That’s me being super excited to meet a new camel friend! Her name is Harriet.
More here: Getting Around Morocco: Planes, Train, and Automobiles

The Accommodations

Each “tent” at Merzouga Luxury Desert Camp has a solid wood floor and actual structure to keep the walls in place. Each one also includes a shower, sink, and Western-style toilet, so it’s really very little like camping!

Our Tent. Steve is striking his power pose!
The Bed and Bedside Lamps
Shower with hand-held shower head
Sink and toiletries: hand soap, shampoo, shower gel (no conditioner, so plan accordingly!)
Western-style toilet; small basket contains toilet paper, large basket is for trash.
Our camp just before suppertime.
Keep reading: Staying at Merzouga Luxury Desert Camp

The only criticism I have of the accommodations is that the promised air conditioning was not always available. The generator got clogged with sand (I mean, it’s the desert—don’t they have a solution for that by now?), and the air conditioner and lights went out from about midnight until 7:00am when someone finally got around to fixing it. It was over 100 degrees inside our tent.

Similarly, they actually turned the generator off during the day, since most people are only there overnight anyway. You should be prepared for this, especially if you travel with any medications that will stay in the room all day. Again, when we arrived back from our 1/2 day desert excursion, the temperature inside our tent was over 100 degrees!

It will sometimes be cooler outside than it is inside!
Read on: What to Do if You Get Sick on Travel

The Activities

So, what is there to do in the desert? Most people just come here for an overnight trip, so they do a sunset camel ride in the evening and a sunrise camel ride in the morning, and then they start the long drive back. We chose to spend two nights here, which gave us a full day to find out what there is to do in the desert!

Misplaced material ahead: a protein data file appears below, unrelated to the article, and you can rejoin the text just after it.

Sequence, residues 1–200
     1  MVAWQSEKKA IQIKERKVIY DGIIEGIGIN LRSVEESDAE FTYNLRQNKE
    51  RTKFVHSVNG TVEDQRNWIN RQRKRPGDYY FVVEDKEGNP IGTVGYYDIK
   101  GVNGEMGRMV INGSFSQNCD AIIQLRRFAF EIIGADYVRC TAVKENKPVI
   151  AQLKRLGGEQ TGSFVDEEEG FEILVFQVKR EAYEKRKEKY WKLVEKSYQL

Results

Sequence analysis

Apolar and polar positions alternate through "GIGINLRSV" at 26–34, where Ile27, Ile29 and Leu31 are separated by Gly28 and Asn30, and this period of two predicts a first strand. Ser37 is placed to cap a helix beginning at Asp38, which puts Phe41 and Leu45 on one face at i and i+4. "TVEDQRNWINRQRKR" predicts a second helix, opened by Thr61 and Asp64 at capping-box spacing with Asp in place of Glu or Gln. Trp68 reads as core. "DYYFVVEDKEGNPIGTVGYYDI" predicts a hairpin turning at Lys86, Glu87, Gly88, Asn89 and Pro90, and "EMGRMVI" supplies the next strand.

Our driver, Ibrahim, came to pick us up at 10:30am, and we set out into the desert to find some panoramic views, visit an old mine in the Anti-Atlas Mountains, see some sea-life fossils in the rocks in the desert, and learn a little about the Berbers and their nomadic life. We thought we had signed up for a dune hike, but that wasn’t part of the day. We stopped for lunch and got back to the camp around 2:30pm. We spent the rest of the day exploring the dunes close to camp, and I took a short nap as well, once the air conditioning got turned back on!

Panoramic views of some of the other camps in the area. Even wonder what Algeria is like? It’s off to the right in the distance.
Berber campsite in the desert.
Ocean fossils from a gazillion years ago.
Read on: My Top 10 Travel Hacks

The Food

Our Weekend in the Red Dunes Package included five meals: dinner on Day 1; breakfast, lunch, and dinner on Day 2; and breakfast on Day 3. You will also enjoy fruit juices, coffee, mint tea, and milk. As I mentioned above, you will have to pay extra for water, but the food really was some of the best we ate in all of Morocco!

This is just part of one of our very large breakfasts in the Desert!
Read on: What to Eat in the Moroccan Sahara

Want more? Check out What to Know Before You Visit Morocco and my Morocco Page!

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Published by quickwhittravel

Hey there! I am an avid traveller and adventurer, and you're always welcome to join me! The things I love most are God, my husband Steve, and seeing new places! My favorite places include Sydney, Australia; Ise City, Japan; and Bergen, Norway--but there's always room for more favorite places!